Nigeria’s manufacturing sector has continued to navigate through hard times as the nominal GDP growth of the industry in the second quarter of 2022 was recorded at 5.21 per cent on a year-on-year basis.
According to the Nigerian Gross Domestic Product Report (Q2 2022) published by the National Bureau of Statistics, this was 33.12 per cent points lower than the figure recorded in the corresponding period of 2021.
The report read in part, “Nominal GDP growth of the Manufacturing sector in the second quarter of 2022 was recorded at 5.21% (year-on-year), 33.12% points lower than the figure recorded in the corresponding period of 2021 (38.33%) and 6.51% points lower than the preceding quarter figure of 11.72%.
“Quarter-on Quarter, growth of the sector was recorded at -14.50% during the quarter. The contribution of Manufacturing to Nominal GDP in the second quarter of 2022 was 12.97%, lower than the figure recorded in the corresponding period of 2021 at 14.18% and lower than the first quarter of 2022 at 15.06%.”
The NBS report also indicated that real GDP growth in the manufacturing sector in the second quarter of 2022 was 3.00 per cent on a year-on-year basis, lower than the same quarter of 2021 and lower than the preceding quarter by 0.48 percentage points and 2.89 peer cent respectively.
The growth rate of the sector on a quarter-on-quarter basis stood at -15.47 per cent. Real contribution to GDP in 2022 second quarter was 8.65 per cent, lower than the 8.69 per cent recorded in the second quarter of 2021 and lower than the 10.20 per cent recorded in the first quarter of 2022.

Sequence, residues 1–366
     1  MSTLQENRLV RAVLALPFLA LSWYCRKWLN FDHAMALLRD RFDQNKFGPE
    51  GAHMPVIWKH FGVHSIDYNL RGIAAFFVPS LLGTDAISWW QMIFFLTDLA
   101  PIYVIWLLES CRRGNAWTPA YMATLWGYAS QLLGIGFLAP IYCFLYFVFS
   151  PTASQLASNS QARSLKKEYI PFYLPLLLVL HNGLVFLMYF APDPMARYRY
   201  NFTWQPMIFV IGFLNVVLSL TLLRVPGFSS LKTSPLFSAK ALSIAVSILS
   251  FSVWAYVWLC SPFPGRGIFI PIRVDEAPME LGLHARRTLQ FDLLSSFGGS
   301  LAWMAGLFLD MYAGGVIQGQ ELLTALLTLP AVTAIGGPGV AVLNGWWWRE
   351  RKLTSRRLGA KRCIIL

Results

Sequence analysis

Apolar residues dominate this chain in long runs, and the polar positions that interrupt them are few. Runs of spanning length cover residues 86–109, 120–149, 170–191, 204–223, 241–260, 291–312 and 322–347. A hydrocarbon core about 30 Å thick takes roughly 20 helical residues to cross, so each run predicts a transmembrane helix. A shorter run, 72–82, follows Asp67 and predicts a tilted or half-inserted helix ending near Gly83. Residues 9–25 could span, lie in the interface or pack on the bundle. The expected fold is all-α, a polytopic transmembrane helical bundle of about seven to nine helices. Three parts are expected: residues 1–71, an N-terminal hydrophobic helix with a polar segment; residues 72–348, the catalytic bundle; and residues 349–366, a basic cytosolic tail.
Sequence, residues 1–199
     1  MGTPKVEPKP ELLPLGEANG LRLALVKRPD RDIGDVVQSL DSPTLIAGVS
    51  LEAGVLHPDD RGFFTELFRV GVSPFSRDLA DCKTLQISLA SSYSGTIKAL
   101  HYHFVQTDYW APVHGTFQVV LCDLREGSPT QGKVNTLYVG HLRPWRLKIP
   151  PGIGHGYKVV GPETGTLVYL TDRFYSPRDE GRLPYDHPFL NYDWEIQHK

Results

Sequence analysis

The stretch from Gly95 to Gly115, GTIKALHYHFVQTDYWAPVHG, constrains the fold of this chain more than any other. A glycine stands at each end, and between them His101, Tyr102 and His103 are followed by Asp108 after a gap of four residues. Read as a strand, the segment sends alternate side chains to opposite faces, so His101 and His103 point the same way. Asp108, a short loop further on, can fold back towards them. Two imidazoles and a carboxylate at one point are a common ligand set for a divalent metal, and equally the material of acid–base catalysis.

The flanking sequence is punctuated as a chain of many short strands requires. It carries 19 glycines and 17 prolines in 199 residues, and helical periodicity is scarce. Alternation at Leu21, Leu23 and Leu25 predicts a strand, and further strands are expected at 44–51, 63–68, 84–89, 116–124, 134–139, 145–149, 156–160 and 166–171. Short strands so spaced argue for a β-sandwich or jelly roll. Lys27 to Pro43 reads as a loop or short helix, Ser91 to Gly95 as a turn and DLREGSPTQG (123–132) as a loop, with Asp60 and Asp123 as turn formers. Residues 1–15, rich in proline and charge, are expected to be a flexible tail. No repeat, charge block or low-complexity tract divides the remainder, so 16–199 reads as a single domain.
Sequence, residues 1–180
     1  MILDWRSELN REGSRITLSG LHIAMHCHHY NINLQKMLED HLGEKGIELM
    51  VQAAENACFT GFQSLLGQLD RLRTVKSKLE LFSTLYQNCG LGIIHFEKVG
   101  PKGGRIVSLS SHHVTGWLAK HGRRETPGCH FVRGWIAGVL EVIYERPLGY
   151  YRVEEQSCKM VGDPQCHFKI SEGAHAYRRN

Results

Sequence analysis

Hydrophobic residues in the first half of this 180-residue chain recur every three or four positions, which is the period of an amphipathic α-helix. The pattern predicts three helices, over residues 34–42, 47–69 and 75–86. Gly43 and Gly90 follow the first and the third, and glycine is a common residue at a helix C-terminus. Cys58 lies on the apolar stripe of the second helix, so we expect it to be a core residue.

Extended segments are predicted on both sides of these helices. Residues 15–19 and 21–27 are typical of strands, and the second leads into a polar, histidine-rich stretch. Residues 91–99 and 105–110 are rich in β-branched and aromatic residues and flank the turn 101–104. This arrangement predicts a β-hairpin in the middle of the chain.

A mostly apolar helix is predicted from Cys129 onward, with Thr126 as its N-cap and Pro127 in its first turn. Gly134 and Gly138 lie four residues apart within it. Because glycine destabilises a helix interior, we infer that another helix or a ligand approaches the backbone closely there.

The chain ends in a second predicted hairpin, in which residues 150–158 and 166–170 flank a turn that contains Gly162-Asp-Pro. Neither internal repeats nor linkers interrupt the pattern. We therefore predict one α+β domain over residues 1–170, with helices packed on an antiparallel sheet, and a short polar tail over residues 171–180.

In its Manufacturing CEOs Confidence Index for the second quarter of the year, the Manufacturers Association of Nigeria said that business conditions in the quarter under review were more challenging than what obtained in the first quarter of the year just as employment conditions worsened.
According to the report, which measures changes in pulse of operators and trends in the manufacturing sector quarterly, in 2022 alone, manufacturers had faced severe foreign exchange scarcity, forcing many firms out of business.
The central bank has raised the Monetary Policy Rate from 11.5 to 14 per cent, and the prices of diesel and gas have skyrocketed due to the Russia-Ukraine war.
While speaking recently on some of the challenges bedeviling the manufacturing sector, MAN President, Engr. Mansur Ahmed, said over-reliance on imported raw materials had become an albatross for the industry.